6. On another site there was some discussion about this. Does Rolling Rock taste the same now as it always did? There were some who said it did not but many of those folks were talking from nostalgia not real taste. We all bemoan the closure of the Latrobe brewery, but does the beer taste any different? A/B is well known for adjunct brewing. Was Rolling Rock from Latrobe adjunct brewed? Is it adjunct brewed by A/B. I will say I tasted no real difference. RR was never any great beer, but was always popular in my area. Any thoughts by those more learned than I am.?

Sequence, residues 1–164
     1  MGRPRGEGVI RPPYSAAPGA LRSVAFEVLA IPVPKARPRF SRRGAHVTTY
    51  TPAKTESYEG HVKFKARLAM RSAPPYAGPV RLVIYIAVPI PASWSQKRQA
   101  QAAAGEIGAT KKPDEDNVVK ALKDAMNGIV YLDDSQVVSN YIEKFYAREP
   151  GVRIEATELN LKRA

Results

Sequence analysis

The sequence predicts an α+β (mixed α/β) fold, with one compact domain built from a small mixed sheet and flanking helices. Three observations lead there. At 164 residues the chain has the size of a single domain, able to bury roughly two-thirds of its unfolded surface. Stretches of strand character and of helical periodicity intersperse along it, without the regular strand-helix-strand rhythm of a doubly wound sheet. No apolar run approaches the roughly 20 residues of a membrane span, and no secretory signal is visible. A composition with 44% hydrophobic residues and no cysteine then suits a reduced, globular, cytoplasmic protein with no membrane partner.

7. Just got back from a trip to NYC! I was chaperone for a group of drama students (talk about drama! but that's another story!) so I only had a couple hours to myself, but I think I spent the time wisely! I ventured over to the Davidoff Cigar shop where I picked up a few cigars, and then made a beeline over to the Heartland Brewpub at W. 51st (?) and 6th, not far from Radio City Music Hall. First up was a pint of the Farmer Jon's Oatmeal Stout! What a good beer! Roasty, creamy, pitch black with garnet hues and a 'stout' tan head. It didn't last long! Very enjoyable stout! Next, I selected the seasonal Alpha Male Ale. Unusual ingredients such as Peruvian Macca Root powder, American Ginseng, and a Chinese herb called "Horny Goat weed" are added to give a guy that "competitive edge!" It was dark gold in color, had a pleasant citrusy aroma, and a bitterness that didn't come from hops alone. The citrus notes were apparent in the flavor with a hint of malt and it finished very dry. It was...unusual. Kind of a Belgian Golden/Saison-like beer. Good, but not my favorite. Last up was the Indiana Pale Ale. BIG hoppy aroma and flavor! Citrusy, malty, but the hops prevailed! Good hop burps followed! It was a tasty IPA and a good beer to end my visit. Plus, when I tabbed out, the very friendly young beertender who I chatted with said the last beer was on him! I didn't eat, but did observe some delicious looking platters being delivered to other patrons. Even though I was only able to pay them a short visit, Heartland was well worth the trip! When I go back to NYC I will try to spend more time, and consume more of their beers! Bob R in OKC